Lt. Col. Thurston added: “Although more than 70 years have passed since, the burial we have witnessed today has lost none of its poignancy or significance. The sacrifice made by L.Cpl. Blackham and his fellow Coldstreamers reminds us of more recent operational casualties and it is our privilege to honour the enduring courage and loyalty of soldiers from each generation.” The MOD spent two years establishing Ronald Blackham’s identity, extracting DNA and tracing relatives. Ron was identified through a match with his brother, Douglas, 91. Michael Blackham explained: “Douglas originally received a letter in October 2016, explaining remains had been discovered that may be Ron’s and asked if Douglas, as a male sibling, would be willing to submit DNA testing.
“His initial thoughts were one of incredulity – was this genuine? After talking to Sue Raftree MBE, from the JCCC and realising it could be Ron, the DNA sample was sent and then there was an agonising wait… We received the confirmation on 13 December.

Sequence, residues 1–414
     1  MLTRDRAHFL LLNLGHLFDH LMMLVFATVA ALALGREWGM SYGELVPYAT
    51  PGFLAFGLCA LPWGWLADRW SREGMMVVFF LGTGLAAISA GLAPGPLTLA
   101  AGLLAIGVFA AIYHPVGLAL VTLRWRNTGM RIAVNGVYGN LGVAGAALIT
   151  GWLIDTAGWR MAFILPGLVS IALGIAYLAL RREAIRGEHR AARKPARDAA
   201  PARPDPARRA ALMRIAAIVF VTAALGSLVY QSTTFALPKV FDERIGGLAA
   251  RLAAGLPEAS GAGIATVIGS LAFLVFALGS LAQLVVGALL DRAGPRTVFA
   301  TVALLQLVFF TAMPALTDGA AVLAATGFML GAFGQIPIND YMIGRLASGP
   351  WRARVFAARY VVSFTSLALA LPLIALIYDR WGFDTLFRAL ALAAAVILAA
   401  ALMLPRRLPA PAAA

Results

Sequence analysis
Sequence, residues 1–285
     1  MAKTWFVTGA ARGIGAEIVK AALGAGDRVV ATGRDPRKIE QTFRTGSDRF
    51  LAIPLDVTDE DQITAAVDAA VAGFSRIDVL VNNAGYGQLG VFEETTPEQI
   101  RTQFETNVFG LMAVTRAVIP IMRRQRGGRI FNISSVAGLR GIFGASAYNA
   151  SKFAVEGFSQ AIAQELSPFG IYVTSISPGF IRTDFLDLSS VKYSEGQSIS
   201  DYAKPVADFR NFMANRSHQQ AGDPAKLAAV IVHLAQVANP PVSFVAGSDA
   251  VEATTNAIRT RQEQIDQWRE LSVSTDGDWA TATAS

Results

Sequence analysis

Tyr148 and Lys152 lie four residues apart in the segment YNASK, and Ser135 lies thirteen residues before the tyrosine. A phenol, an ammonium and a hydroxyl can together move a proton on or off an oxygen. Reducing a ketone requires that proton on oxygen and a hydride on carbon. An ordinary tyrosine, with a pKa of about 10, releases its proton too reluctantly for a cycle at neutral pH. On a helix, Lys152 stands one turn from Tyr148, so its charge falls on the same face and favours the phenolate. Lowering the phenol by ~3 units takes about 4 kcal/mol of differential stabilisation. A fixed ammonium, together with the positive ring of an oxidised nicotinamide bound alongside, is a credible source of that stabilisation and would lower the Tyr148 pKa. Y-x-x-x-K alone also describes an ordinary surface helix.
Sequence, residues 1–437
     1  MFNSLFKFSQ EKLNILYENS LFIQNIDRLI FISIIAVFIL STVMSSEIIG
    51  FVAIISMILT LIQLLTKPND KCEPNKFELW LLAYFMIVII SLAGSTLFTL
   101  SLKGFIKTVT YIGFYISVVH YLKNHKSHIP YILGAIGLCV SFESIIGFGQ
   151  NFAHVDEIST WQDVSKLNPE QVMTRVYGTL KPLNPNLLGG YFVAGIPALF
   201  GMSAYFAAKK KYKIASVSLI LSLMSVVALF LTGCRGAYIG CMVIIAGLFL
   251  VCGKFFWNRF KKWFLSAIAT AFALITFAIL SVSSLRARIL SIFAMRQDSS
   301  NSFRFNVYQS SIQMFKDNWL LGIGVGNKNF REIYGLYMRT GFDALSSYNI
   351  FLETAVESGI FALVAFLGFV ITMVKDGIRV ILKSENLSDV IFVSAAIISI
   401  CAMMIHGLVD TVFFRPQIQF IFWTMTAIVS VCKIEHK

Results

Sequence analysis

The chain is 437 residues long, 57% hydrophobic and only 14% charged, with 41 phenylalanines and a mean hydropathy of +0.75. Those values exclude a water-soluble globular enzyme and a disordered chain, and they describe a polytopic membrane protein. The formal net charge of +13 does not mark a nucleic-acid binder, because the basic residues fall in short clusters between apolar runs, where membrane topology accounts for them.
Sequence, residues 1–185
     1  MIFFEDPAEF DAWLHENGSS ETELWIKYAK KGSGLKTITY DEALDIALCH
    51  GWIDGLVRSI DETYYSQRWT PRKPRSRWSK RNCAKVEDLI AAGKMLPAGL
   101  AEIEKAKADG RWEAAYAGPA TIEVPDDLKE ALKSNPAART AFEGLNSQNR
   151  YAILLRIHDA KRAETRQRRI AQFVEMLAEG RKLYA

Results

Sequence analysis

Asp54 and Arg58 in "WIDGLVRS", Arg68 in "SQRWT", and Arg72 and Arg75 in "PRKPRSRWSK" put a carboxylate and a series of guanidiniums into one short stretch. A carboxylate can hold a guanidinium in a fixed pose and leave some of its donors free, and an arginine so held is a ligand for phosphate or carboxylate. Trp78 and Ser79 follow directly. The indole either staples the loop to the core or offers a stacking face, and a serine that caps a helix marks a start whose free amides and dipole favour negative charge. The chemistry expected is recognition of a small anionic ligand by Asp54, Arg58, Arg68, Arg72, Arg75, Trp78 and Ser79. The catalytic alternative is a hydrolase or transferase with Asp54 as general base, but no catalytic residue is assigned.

The remains were definitely Ron’s. Douglas was overwhelmed. He said, ‘After 74 years I don’t know what to feel. It’s been such a long time’…. The JCCC have been superb. Their professionalism and compassion has affected the whole family.”
The discovery of Ronald Blackham has inspired the family to further research the battles around Salerno: “As the family read more about the battle, and the numbers involved, it seemed incredible to us that after all these years it could be him… All the family knew was he was killed in the Italian campaign in Salerno, and that his name was on the memorial at Monte Casino, visited by Douglas in the 1980s.”
“We were amazed that Ron was mentioned in Christopher Bulteel’s [MC awardee, Coldstreamer and Salerno veteran] book ‘Something about a Soldier’: ‘We seem to have equipped ourselves with a machine gun mounted on a tripod and during the day Corporal Blackham was firing at parties of Germans in the distance. They retaliated.’ We believe this incident was on 23 September, two days before Ron’s death.”
CONTINUE WHERE POSSIBLE